Ah paper, a recycler’s worst nightmare and a scrapbooker’s friend. Scrapbookers and paper crafters alike use this stuff by the pound, it is not wonder that if you look at the average paper crafter’s room, you will see it everywhere, from tags, sheets of paper, papier-mâché’ boxes, die cuts, card blanks, and a whole host of other paper goods. They decorate bags for wrapping presents, sometimes the paper are the presents themselves, as well as the card that goes inside the present. If you are a recycler, this item can be a hit or miss for you. Paper crafting is not for the faint at heart.
One of the biggest problems, at least for me, is clutter control. Paper to most people, even at its beauty is considered trash to them, but paper can be contained, and no one can tell that you have paper around.
1) Find all of your paper. If you are in the process of a project, the paper is not in its raw state, which is the paper itself, leave it alone. If it is already neat, get it anyway.
2) Purge the paper. I am not talking throwing it away, but decide what pieces you are going to use. Do not think in terms of what project you have planned or were going to use the paper for at this point, and do not say things in your head such as, “This would make a great layout background.” If it has not been used, and the original project has left the memory, ask yourself, “Will I use it in a future project?” If the answer is yes, put it in the “keep” pile. Do not return it to the original container yet. If the answer is, no, then put it in the “giveaway” pile. It no longer has sentimental value to you.
3) Once you have done that to all of your paper, place the “keep” paper in an area so you can sort it into a system. You need a system in order to contain it. We will get back to this a little later. Let’s tackle the “giveaway” paper.
4) At this point, you do not have the time to go down memory lane with the giveaway paper. It is now out of sight and out of mind when you plan your future projects. Do not second guess your decision. What you can do for it is to decide where to send it. Let me give you some hints:
a. Your child’s school. Funding may not be what it used to be when you were in school. Many programs have been cut, and teachers have to fend for themselves with the salary they are given. Often times, it may mean buying their own supplies, including art supplies. It would be a great help if your craft supplies go towards the school. Call ahead or ask your child’s teacher exactly what is needed.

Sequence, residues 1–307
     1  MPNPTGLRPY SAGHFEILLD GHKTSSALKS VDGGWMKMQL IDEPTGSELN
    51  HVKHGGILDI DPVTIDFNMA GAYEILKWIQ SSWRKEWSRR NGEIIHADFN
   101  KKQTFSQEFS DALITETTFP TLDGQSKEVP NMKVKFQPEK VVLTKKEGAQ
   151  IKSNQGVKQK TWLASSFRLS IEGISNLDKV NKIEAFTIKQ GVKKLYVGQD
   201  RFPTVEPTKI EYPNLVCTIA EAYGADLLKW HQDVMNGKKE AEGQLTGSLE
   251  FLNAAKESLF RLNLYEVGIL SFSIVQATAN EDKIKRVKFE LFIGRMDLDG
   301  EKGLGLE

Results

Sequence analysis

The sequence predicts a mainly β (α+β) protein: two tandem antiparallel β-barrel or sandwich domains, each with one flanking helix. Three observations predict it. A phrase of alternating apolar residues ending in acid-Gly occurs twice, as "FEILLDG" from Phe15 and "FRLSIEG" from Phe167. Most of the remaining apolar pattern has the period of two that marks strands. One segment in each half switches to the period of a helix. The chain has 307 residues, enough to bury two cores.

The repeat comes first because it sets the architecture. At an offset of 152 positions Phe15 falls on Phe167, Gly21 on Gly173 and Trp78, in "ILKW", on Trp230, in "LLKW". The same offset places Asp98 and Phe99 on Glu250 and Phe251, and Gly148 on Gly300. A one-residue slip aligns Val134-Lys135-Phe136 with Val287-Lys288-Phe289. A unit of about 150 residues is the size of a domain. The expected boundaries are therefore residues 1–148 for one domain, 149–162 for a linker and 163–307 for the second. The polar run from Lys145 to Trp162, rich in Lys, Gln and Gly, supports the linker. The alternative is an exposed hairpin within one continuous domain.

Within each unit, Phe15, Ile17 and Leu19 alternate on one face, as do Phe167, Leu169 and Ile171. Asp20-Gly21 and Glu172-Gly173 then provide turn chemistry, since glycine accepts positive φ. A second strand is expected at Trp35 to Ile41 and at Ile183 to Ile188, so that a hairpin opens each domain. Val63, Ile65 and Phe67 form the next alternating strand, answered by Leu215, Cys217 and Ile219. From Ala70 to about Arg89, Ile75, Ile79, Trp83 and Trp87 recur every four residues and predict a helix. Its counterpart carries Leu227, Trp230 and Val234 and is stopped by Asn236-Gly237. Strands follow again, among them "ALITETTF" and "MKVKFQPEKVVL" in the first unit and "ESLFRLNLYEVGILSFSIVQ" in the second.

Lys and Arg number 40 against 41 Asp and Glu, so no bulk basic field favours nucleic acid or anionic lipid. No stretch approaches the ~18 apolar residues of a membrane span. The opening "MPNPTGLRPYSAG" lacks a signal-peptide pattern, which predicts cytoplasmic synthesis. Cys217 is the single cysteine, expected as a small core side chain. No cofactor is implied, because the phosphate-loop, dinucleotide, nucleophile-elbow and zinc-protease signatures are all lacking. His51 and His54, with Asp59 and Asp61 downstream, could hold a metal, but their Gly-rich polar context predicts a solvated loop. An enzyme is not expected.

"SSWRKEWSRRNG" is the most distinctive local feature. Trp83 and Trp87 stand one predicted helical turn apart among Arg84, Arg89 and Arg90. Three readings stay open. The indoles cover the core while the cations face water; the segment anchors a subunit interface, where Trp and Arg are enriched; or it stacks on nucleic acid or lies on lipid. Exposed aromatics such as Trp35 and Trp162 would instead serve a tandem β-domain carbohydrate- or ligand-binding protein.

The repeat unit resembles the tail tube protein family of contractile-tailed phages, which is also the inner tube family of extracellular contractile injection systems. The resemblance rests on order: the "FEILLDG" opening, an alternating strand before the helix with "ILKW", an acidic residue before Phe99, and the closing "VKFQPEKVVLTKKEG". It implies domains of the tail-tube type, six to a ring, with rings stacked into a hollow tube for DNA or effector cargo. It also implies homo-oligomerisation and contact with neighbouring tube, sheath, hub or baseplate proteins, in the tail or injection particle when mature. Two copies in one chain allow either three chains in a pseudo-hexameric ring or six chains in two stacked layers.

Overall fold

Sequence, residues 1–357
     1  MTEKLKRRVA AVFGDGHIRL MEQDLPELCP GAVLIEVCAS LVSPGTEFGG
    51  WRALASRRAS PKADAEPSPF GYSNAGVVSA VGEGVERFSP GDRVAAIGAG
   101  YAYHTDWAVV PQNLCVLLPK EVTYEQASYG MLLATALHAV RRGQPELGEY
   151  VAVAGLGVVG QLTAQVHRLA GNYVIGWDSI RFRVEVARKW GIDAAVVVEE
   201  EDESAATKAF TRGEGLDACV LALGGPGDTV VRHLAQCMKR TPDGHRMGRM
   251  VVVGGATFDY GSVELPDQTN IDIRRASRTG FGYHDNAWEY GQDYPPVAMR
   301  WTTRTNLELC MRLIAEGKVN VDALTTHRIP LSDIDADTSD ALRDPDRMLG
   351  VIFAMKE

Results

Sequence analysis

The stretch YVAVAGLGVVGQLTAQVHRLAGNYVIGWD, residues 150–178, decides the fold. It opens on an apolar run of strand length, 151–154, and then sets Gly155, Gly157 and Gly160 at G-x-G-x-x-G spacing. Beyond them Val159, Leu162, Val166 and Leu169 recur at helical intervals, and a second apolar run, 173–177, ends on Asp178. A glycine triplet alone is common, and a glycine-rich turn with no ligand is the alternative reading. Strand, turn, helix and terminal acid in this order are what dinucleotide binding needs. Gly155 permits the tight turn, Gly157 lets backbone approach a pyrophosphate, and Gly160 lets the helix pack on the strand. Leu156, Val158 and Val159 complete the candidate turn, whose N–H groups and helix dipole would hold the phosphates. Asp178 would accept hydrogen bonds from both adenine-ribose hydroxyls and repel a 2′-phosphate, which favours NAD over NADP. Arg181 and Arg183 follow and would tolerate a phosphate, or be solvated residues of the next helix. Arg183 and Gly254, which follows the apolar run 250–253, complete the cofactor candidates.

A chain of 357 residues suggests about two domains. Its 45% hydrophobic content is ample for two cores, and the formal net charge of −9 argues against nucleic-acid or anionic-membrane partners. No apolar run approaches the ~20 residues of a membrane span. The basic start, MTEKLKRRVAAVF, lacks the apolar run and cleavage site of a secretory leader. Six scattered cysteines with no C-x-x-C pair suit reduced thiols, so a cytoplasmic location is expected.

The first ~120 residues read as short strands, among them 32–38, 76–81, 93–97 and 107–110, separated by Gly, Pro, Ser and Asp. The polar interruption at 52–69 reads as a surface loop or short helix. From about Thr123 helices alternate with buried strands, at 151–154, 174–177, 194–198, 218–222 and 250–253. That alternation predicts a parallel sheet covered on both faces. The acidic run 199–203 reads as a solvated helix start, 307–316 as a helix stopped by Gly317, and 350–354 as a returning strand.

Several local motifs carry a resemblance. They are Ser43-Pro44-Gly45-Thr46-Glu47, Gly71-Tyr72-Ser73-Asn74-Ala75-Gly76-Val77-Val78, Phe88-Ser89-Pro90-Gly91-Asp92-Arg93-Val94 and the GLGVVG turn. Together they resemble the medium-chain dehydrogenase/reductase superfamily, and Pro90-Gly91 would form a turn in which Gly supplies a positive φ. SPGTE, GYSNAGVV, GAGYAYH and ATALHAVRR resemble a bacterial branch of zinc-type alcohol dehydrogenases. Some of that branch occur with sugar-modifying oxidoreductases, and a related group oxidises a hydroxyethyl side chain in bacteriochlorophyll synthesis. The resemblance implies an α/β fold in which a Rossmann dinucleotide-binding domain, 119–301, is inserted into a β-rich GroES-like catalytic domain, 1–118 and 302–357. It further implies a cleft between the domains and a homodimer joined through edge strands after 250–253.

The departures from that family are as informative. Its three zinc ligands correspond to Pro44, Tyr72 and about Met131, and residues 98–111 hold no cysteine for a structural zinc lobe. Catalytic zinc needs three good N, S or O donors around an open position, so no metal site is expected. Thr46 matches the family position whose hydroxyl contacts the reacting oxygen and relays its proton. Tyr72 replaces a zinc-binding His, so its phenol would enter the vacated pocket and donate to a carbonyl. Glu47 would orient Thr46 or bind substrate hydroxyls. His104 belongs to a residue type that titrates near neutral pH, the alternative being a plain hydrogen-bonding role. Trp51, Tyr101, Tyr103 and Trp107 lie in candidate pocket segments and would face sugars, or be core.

b. Nursing homes. Even seniors need art to stay active, and that is often with art supplies to keep their mind’s going, even if their bodies no longer function like they used to. Nursing homes and adult day care centers are under that same tax area that the government often uses to cut funding at, and donating supplies do help the burden. Again ahead to see what is needed.
c. Rehab centers. This is for either people who have been injured or someone who has a disability, and they are learning to be a functional citizen again. Call to see if these places mind having a supply donation or does it have to be monetary.
5) Sometimes products are too old or out of date to be donated. For those, just toss in the trash. Same with anything that is beyond repair.
6) Next move to the paper you decided to keep.
a. First inspect each piece of paper. Not the size and shape of the paper and put lie pieces together. At this point, you are not worried if the color is the same. Put small with small pieces of paper, die cuts with die cuts, and so on.
b. Next, work with each pile, and put into color families. Think ROY G. BIV or what I like to call ROY G. BIVN (red, orange, yellow, green, blue, indigo, violet, and neutral). So in an example, you would have a Small paper ROY G. BIVN, a Medium sized paper ROY G. BIVN, and so forth.
c. Place into containers. You may have to go shopping at this point. If so, you will need 8 containers for each separate pile. If you do not have the budget for that, then just get 8 containers and put each same color piles in a container, but make sure it is a system that you can live with, and not feel overwhelm with it all.
d. If you are dealing with lots of patterned paper, try to find a common background with each paper, or separate by brand name.
7) Last, find a place in your new space where the paper should go. I am not going to tell you where to put it, as long as you are comfortable with setting, and that it is convenient for you.
Congratulations on organizing your sheets of paper. Do the same thing with your boxes, tags, and other paper-like supplies. Step 3 will be trying to organize Ribbons, laces, and other fabric type supplies. So get ready, and be blessed.